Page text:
The process of applying to EAP took about a year. I started in March of 2006 to complete loads of paperwork, raise my GPA, pay hidden fees and try to acquire as much information as possible about my university in Adelaide and life in Australia. Only one UCSB EAP advisor was helpful, so I spent months of aggravating preparation alone.
I couldn’t sleep on the 14-hour flight across the Pacific Ocean to Sydney, 6000 miles away from California. I was smashed next to a geriatric couple that drank every ounce of vodka on the plane and made me get up so they could use the bathroom every 15 minutes. Around the 11th hour of my ass being asleep and breathing chilled, re-circulated farts, I decided I was pretty much over studying abroad.
Even when we got into Sydney, I wasn’t so enthused. I had a fun group of UCSB girls to go around the city with for the two days we had free before the UC EAP orientation started. We visited the glittering Sydney Opera House and saw sharks at the aquarium and bought oodles of alcohol at disgustingly high prices. It was nice to see the sights and finally be able to buy my own drinks, but I wasn’t excited, I wasn’t happy.
When orientation started, however, my whole doubtful mentality turned around. The 62 other UC students studying in Australia and I crammed into a little conference room and watched a slideshow presentation by the EAP Australia Director, Russell Jones.
The presentation began with information about the Australian language, called Strine. Strine is basically English but there are many unique sayings and words like dinky-di, which means the real thing, and yakka, which means hard work. There are also some words we share that they use differently; for instance, a rubber means an eraser and fanny is slang for lady private parts. Good thing I don’t wear fanny packs!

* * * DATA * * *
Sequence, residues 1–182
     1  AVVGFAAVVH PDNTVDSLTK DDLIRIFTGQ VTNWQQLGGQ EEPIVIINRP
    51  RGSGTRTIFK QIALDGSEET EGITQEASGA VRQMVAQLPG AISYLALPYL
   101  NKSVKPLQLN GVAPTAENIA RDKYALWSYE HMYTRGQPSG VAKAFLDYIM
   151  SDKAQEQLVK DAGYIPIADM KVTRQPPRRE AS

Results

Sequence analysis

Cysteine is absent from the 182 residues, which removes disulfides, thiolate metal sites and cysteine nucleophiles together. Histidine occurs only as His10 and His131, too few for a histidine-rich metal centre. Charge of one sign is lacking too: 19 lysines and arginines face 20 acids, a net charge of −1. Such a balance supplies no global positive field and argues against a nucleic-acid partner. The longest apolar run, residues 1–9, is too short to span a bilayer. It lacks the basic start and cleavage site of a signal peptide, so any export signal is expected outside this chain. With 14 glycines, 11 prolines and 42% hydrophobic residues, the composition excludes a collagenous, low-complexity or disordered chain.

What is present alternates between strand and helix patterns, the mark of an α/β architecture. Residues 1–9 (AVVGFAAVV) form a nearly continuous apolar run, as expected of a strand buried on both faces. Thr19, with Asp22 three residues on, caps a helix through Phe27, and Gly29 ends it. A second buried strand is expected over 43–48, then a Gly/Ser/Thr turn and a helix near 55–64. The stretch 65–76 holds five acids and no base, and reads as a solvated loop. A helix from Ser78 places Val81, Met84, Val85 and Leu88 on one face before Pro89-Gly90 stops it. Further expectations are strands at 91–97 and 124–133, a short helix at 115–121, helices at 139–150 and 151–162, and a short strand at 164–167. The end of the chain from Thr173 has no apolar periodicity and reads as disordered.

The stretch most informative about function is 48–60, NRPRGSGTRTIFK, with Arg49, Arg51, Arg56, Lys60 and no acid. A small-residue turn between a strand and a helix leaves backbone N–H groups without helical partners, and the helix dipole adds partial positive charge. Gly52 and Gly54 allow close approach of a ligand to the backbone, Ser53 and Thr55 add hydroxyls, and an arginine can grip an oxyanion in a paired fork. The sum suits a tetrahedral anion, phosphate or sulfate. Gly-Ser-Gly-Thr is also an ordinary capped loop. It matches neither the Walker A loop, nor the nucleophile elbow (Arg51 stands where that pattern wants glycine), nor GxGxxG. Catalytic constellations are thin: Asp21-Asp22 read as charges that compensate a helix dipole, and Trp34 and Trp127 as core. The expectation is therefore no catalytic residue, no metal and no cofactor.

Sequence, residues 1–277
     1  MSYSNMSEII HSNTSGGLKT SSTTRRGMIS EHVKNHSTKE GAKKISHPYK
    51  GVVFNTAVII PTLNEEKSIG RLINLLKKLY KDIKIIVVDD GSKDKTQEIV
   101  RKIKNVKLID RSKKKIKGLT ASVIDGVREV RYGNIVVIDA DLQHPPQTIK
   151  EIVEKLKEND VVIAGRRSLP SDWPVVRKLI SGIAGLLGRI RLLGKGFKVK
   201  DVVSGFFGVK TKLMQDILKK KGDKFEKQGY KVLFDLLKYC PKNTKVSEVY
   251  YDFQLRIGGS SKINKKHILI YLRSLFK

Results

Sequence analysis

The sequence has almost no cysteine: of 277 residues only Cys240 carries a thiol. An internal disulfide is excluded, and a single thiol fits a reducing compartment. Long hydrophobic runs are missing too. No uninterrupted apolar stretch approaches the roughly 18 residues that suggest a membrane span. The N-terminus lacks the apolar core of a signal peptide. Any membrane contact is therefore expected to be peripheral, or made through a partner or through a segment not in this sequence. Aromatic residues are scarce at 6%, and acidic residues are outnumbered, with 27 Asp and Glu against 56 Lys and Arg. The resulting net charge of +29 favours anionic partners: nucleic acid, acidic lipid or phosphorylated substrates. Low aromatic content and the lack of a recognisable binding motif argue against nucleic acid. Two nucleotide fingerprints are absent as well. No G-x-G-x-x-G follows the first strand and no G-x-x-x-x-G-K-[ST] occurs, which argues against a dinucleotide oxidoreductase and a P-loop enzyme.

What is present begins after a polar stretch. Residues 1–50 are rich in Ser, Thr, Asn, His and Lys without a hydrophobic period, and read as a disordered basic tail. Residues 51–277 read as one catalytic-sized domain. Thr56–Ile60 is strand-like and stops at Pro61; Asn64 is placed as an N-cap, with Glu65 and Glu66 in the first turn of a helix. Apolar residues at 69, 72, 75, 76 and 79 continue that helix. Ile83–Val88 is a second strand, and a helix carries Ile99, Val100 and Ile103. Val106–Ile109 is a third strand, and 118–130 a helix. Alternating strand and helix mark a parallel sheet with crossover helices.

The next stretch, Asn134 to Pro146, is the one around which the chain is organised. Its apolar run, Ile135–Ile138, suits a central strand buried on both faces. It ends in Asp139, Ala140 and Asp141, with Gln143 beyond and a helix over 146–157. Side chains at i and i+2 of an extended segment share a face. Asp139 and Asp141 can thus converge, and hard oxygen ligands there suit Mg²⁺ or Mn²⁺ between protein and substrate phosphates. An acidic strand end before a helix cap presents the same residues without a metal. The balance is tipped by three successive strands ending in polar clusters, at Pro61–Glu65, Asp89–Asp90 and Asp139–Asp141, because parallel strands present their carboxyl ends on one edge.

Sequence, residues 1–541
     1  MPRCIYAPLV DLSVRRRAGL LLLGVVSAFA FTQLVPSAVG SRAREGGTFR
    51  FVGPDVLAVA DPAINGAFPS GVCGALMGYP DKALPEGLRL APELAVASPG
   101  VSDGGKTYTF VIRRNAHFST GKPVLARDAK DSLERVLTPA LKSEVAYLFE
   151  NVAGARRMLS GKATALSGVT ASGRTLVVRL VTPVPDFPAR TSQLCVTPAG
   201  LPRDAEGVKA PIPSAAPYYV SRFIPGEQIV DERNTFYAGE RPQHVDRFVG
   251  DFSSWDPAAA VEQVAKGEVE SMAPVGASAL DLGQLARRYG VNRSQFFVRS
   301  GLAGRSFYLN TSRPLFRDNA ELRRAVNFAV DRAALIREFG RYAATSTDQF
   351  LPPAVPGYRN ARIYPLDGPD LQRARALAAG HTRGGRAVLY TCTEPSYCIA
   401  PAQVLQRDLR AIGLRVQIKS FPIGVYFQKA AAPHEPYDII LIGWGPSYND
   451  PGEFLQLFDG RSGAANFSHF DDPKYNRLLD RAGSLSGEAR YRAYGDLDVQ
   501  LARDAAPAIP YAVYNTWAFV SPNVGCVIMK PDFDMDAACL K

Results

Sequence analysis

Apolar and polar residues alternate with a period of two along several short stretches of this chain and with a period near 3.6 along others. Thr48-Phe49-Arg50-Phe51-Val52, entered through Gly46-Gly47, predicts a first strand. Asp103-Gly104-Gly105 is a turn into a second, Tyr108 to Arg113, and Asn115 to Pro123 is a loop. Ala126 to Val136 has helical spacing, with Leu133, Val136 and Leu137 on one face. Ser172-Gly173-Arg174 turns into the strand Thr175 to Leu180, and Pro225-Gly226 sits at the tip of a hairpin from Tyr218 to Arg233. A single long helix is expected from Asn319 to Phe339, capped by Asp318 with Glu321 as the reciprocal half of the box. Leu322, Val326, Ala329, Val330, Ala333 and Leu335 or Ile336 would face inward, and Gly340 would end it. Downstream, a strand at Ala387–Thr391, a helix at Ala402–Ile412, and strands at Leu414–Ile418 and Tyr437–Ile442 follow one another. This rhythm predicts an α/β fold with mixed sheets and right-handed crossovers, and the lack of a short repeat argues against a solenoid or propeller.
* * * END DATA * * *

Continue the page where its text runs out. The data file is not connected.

In Jones’ big list of Australia’s Most Dangerous Things, traffic is the number one big threat. Thanks to British influence, they drive on the left side of the road here and pedestrians have absolutely no right of way. As an Isla Vista resident, I’ve almost been hit by about 20 cars. The second biggest threat is the sun. There’s a huge hole in the ozone layer over here and sunscreen application is necessary multiple times every day. I’ve only been here for three days and I’m already as tan as I am at the end of summer.
Nature, however, is the most interesting danger here. There seem to be more rip current and undertow threats here than in California. At Bondi Beach, for example, there are two flags that mark where you can swim and if you pass a flag by an inch, the lifeguards go nuts. There are also a lot of shark attacks along the entire coastline of Australia. The deadliest sea creatures, however, are Box Jellyfish. Jones said, “You have virtually no chance of surviving the venomous sting.” There are also many spiders and snakes with fatal bites, including the world’s most venomous snake, the taipan. All these fun critters are not limited to rural areas and Jones said the flooding in northern Australia has even let crocodiles loose in the streets. At this point, everyone in the room was involved in a panicked whisper summed up by “Holy shit, we’re going to die.” Jones assured us that with a little good sense we could avoid an untimely, though exotic, demise.
The last bit of the presentation was about drinking and gambling. Gambling is very legal and every city has a casino. Jones said 20 percent of Australian income is gambled. The drinking age here is 18 but alcohol costs a lot more, even if you just buy something from a liquor store. Australia was originally a prison colony for England so as we Americans are descendents of prudes, the Australians are descendents of Irish and English convicts. We were advised to not engage in drinking contests with them. I’m not making any promises, though.
The orientation really got me thinking about how amazing this country and these people are here. The similarities and differences blow my mind and it just dawned on me that I’ll be living here for months and I get to explore it all.